Listening to “About Today” by The National as the brothers battled it out was a breathtaking cinematic experience. Tommy was emotionally and physically broken, and it was as if Brendan’s therapeutic words temporarily fixed what was ailing his brother. The two of them exiting the ring and our screens with arms wrapped around each other was a special scene. The emotional strength of the scene grew when the audience saw Nolte’s character witness the connection between his sons. In terms of film endings, Warrior makes a case for being one of the more powerful finishing moments.

Dennis Velasco – Irreversible (2002)

Irreversible watches as one reads fine literature whereupon you cannot put down the book. Or a tablet or phone as appropriate in ones’ lives. This sentiment has been said many times by those curious and strong enough to stomach the infamous and brutal rape scene somewhere around the middle of the movie, symbolically enough. Further symbolism abounding by the location of it and the dominant colors thereof. I won’t give away too much in my entry as I hope you watch the film as I think it’s a brilliant work of art that ignites visceral feelings that edges that fine line of humanity and animalism, a tangible theme in the movie.

For context, the beginning of this movie is hell – drenched in darkness, full of sin, sociopathic, with a complete disregard of consequences – all in the name of revenge. Punishment has to be wreaked. The movie’s pulse “slows” as the movie goes along until the rape scene that provokes a spectrum of many emotions. The story continues with each scene explaining what has happened before. And then, this end:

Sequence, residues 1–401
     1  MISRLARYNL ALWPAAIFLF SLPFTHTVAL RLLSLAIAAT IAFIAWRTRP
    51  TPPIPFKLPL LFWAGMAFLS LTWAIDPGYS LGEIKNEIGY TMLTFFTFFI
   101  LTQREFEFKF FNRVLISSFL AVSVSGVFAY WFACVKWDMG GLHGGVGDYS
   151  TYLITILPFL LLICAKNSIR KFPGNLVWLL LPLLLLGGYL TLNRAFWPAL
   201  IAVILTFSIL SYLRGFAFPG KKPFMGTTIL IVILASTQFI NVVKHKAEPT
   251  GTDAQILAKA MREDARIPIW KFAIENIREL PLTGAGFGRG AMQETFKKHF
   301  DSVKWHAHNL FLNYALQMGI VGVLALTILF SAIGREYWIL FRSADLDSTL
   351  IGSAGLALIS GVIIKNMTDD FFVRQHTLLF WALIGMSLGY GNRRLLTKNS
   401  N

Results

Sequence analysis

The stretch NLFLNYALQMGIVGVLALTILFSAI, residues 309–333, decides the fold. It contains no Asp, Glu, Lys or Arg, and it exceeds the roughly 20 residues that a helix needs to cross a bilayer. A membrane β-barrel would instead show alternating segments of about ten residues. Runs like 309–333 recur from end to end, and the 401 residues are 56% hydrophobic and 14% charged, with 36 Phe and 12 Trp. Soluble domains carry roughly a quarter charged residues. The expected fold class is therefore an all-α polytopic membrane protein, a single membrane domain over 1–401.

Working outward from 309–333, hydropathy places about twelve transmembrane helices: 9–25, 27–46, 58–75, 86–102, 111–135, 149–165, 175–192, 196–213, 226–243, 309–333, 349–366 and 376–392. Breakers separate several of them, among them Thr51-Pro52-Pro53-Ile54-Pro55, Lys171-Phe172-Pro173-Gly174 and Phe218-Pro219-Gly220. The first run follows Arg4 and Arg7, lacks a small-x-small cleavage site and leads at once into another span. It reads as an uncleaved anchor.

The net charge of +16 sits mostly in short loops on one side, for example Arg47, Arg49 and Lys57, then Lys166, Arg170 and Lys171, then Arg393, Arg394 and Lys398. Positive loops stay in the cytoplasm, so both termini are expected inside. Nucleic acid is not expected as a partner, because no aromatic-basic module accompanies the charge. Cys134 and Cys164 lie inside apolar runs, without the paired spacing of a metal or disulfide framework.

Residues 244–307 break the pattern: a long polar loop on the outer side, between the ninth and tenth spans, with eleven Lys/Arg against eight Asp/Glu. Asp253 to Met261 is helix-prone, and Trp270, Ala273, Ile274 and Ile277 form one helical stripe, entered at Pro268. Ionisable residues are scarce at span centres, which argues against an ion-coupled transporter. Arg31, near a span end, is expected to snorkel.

Life begins in the womb. But, first there must be fertility, which is represented by the bright green grass here (colors play a huge role in the film; the contrast from the beginning and end is striking), before there are children and the beating that goes forth until death. And while the children play, spinning counter-clockwise, they cannot escape the wet reminder of the sprinkler, which spins clockwise. Time keeps going. As we begin to live, we begin to die. And the final words encapsulates the movie – Les Temps Detruit Tout – “Time Destroys Everything.” It’s effect is “irreversible,” even if you show a story from end to beginning as Irreversible does. So, this ending, is actually the beginning and vice versa. And we spin and spin knowing this.